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Uncle Moses (Onkl Mozes) (USA, 1932)

Directed by Aubrey Scotto & Sidney Goldin. Cast: Maurice Schwartz, Rubin Golberg, Judith Abarbanel, Zvee Scooler, Mark Schweid, Sally Schor, Jacob Mestel, Rebecca Weintraub, Sam Gertler. ""Maurice Schwartz, the monarch of New York's Yiddish theater, plays a sweatshop owner in Uncle Moses.... Patriarch and exploiter, cunning businessman and dazzled suitor, Moses is a symphony of contradictions, which Schwartz orchestrates brilliantly." (Richard Corliss, Time, 1992) The first Yiddish sound film to deal with a contemporary social theme, Uncle Moses is a portrayal of life on the Lower East Side, depicting transplanted Jews whose values are not so much unraveling as transmogrifying before our eyes in the sweatshops and crowded tenements. Moses--in Poland, a lowly butcher, in America, the benevolent despot of Orchard Street--would seem the apotheosis of change, but not really. He himself represents an old order, the patriarch who asserts that his workers are mishpokhe (family--but they're not buying it), whose vanity produces sundry progeny, whose deep pockets buy him a bride (or rather, her family.) Change comes only when he realizes that, as a human being, he is powerlessness in pressed pants. Then Schwartz's delightfully comic ham transforms into that thing that had him known as "the Olivier of the Yiddish stage."" [from InfoMedia Judaica catalog] Adapted from the 1932 version of the Yiddish Talking Pictures. 87 min. ; Credits and other information from the Internet Movie Database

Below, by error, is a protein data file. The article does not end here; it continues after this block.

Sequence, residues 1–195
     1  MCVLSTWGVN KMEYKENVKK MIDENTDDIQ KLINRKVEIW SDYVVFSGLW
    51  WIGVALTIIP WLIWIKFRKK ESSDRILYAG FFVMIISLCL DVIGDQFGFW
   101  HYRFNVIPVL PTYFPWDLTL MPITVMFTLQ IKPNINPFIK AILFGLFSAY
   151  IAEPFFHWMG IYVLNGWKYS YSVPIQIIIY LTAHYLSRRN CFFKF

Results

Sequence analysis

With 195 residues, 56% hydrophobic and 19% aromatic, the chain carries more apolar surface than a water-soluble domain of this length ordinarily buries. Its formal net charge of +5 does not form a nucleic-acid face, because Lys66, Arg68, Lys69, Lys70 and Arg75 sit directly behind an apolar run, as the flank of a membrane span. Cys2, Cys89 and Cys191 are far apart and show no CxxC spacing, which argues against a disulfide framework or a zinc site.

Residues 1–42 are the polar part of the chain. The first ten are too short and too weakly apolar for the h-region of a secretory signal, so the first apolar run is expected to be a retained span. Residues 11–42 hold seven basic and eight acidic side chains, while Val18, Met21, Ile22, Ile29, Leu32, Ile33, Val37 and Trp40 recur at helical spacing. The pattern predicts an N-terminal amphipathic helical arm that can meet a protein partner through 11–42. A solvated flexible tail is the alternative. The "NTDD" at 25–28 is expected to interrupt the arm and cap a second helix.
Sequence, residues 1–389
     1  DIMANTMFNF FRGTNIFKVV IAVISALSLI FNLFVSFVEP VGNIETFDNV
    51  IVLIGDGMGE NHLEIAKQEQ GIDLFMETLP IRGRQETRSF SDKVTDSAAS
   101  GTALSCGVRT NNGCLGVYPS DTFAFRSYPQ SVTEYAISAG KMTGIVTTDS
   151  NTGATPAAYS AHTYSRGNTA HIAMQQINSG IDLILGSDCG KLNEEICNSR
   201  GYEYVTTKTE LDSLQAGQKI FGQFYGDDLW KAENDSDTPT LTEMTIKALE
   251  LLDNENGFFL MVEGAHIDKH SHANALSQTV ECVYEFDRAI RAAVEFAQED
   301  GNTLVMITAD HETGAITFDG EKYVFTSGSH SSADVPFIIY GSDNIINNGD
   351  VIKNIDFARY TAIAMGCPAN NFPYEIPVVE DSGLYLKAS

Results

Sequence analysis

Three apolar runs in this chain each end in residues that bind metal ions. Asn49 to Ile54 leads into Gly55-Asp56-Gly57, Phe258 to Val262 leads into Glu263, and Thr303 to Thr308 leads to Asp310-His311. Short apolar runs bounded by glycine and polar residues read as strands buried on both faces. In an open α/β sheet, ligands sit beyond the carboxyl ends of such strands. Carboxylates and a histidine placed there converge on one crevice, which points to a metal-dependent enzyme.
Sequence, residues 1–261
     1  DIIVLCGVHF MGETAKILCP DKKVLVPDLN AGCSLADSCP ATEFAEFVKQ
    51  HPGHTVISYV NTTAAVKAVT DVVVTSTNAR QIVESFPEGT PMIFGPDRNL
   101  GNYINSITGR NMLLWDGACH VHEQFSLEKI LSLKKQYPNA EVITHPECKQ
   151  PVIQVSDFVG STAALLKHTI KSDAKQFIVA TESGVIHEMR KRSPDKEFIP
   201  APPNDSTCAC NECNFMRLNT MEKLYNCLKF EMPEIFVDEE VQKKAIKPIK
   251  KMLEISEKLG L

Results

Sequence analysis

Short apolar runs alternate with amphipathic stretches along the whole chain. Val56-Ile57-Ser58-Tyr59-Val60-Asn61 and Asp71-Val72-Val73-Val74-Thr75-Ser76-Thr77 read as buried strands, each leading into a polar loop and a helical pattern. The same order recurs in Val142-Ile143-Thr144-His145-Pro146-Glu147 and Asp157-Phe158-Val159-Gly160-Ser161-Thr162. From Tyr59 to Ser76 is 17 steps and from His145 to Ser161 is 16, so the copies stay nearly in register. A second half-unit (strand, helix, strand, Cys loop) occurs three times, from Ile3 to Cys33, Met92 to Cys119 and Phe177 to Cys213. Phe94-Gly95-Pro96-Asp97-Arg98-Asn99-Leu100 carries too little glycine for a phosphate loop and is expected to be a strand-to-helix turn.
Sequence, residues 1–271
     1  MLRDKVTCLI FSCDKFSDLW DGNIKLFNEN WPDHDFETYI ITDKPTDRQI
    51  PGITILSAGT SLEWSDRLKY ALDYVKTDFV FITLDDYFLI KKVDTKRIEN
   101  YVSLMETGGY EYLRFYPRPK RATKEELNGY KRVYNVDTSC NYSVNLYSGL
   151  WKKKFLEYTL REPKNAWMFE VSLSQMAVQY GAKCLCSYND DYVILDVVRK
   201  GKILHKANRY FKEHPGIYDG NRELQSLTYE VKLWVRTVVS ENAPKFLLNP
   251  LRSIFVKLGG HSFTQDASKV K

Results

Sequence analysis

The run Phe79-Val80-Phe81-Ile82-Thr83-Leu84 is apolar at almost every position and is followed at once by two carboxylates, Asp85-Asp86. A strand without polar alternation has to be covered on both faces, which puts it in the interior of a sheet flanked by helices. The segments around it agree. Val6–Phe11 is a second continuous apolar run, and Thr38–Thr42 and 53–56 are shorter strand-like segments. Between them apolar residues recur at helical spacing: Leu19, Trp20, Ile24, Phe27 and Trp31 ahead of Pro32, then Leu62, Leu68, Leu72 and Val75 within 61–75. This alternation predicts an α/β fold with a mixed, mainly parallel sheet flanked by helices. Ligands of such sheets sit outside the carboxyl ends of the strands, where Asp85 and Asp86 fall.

web web sites:Description from National Center for Jewish Film catalog
Reviews and articles:
Hoberman, J. "Der Ershter talkies: 'Uncle Moses' and the coming of Yiddish sound film." Film Comment Nov-Dec 1991 v27 n6 p32(8)Full-text of this article / review is available:Berkeley users only